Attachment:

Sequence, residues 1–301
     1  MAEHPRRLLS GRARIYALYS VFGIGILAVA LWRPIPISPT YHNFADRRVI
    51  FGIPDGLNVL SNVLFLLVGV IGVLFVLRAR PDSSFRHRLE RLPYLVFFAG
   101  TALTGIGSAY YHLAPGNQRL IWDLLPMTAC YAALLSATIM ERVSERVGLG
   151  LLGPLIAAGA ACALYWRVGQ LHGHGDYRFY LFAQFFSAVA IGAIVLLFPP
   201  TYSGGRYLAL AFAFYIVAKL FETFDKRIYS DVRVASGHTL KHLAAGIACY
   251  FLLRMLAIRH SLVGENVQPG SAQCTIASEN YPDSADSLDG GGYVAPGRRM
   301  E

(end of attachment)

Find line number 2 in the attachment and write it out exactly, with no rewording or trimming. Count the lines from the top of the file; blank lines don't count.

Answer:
     1  MAEHPRRLLS GRARIYALYS VFGIGILAVA LWRPIPISPT YHNFADRRVI